The founder of the Adam Smith Institute, Dr. Madsen Pirie, visited IREF on Thursday 15 November to present his book Think Tank: The Story of the Adam Smith Institute (Biteback Publishing, 2012)
After discussing the specificity of the think tank as an independent influence on policy, and the nuts and bolts of policy-making during Thatcherism in the UK, Madsen Pirie offered the following conclusion.
“The proposals made by the Adam Smith Institute were successful, not because they had been intelligently conceived in order to be politically realistic and acceptable, but because they were right.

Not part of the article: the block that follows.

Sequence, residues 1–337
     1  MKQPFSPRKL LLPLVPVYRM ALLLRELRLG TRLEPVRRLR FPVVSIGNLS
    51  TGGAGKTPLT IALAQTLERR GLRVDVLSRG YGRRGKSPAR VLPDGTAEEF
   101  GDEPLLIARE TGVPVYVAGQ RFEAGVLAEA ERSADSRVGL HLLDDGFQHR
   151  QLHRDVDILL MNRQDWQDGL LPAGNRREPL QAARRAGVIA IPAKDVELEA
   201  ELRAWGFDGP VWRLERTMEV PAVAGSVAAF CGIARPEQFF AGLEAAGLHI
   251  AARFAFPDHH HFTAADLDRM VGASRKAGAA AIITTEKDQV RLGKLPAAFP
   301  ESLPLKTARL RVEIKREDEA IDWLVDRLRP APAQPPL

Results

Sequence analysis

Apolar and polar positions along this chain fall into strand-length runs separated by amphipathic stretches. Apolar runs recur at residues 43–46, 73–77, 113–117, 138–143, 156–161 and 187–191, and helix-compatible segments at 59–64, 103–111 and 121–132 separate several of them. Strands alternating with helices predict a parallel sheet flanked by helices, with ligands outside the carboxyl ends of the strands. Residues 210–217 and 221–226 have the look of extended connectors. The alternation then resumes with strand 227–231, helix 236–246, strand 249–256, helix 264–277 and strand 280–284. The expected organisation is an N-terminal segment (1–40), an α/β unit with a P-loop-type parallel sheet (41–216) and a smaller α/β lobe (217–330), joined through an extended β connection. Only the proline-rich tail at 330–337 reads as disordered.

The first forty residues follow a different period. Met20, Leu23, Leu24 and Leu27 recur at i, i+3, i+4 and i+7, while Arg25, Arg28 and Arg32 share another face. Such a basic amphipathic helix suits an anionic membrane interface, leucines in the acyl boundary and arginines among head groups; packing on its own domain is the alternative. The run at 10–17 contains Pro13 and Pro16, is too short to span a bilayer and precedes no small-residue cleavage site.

Experience teaches us that if you leave people free to engage in trade with minimal government constraints in terms of regulations and taxes, they will fare so much better than if the state tries to seize control of the economy.
Alexander the Great once made the journey to meet the great philosopher Diogenes, and found the wise man sitting under a tree outside the city. He asked him whether, with all his might, he could do something to help. Diogenes answered: “Yes, stand a little out of my sun.”
This is just what we ask from the state. Most policies that we propose are designed to get government out of the sun and let entrepreneurs do what they do best: create wealth and prosperity. As think tanks, our task is to find new ways of making this approach attractive, and thus encourage governments to follow.”
Madsen also published his own account of the Paris visit.